Applicable regulations set forth abatement procedures for employers to meet the PEL standards, and permit the use of respirators in only limited circumstances. See 40 C.F.R. § 763.121(d)(1). In general, respirators may be used in emergencies or by employees who are removing existing asbestos structural hazards, where preferred methods of abatement are technically not feasible. Id. When permitted, a respirator must be selected from among those formally approved by the Mine Safety & Health Administration ("MSHA") or NIOSH. 40 C.F.R. § 763.121(d)(2). MSHA and NIOSH issue certificates of approval in accordance with procedures set forth in 30 C.F.R. § 11.30, et seq. Certificates are issued only for respirators that have been fully tested and determined to meet the minimum regulatory requirements. Id. at § 11.30(a). The certificate must contain any restrictions or limitations on the respirator's use, id. at § 11.30(b), but there is no provision for specific graded ranking of certified respirators. MSHA and NIOSH may revoke any certificate for cause, but no regulations establish procedures for such revocation. Id. at § 11.34.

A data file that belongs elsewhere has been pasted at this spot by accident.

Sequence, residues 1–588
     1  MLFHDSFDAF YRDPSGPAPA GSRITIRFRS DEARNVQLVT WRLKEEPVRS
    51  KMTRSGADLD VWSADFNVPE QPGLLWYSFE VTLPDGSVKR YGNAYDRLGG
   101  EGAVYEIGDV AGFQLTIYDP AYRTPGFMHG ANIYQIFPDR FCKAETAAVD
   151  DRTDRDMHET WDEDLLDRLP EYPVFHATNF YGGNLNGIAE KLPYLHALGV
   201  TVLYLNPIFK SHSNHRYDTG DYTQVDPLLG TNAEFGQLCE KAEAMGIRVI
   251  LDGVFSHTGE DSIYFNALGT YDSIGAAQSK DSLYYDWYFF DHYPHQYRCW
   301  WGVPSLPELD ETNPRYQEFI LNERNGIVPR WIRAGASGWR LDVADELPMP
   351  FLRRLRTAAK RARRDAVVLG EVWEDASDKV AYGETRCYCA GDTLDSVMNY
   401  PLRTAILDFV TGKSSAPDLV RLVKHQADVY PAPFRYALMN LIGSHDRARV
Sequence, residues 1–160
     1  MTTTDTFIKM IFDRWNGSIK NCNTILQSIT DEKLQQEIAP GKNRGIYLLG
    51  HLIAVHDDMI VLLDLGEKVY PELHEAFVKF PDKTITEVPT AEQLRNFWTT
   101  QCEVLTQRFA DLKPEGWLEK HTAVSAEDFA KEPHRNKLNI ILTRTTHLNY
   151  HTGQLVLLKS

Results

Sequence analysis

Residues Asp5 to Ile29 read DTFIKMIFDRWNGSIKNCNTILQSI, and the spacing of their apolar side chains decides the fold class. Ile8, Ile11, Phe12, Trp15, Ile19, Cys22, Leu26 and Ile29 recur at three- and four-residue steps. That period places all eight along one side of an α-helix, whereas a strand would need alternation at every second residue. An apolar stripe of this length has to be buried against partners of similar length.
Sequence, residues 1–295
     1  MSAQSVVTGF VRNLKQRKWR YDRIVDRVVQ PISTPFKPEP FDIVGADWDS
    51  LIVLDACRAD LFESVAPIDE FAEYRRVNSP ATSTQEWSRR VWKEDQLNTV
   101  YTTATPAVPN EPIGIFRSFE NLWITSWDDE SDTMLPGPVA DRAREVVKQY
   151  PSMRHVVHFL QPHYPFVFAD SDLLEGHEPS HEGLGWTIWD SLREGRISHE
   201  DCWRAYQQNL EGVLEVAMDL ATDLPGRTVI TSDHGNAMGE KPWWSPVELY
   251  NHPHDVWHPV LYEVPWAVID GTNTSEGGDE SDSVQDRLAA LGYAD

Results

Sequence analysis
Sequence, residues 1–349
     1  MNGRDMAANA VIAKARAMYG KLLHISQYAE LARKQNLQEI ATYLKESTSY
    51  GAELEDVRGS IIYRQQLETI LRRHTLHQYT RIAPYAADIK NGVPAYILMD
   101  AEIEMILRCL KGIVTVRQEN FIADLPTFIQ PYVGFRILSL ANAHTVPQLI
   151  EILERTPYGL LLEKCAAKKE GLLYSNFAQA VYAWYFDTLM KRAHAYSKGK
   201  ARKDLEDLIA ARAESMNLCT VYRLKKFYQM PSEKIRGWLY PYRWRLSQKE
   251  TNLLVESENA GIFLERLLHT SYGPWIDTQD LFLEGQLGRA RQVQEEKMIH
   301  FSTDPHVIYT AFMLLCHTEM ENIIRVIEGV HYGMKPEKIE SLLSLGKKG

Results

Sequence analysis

NIOSH and EPA produced the Report to provide a hitherto unavailable comprehensive guide to the selection and use of respiratory protection equipment for the asbestos abatement industry. Three factual determinations are set forth that underlie the NIOSH and EPA recommendations in the Report:


(1) there is no known risk-free level of exposure to asbestos, an established human carcinogen;


(2) maximum respiratory protection should be provided to workers engaged in asbestos abatement operations, in all situations; and


(3) "filter-type" respirators, which screen the ambient atmosphere for contaminants, do not provide as high a degree of protection from asbestos particles as do respirators that supply clean pressurized air from a protected source.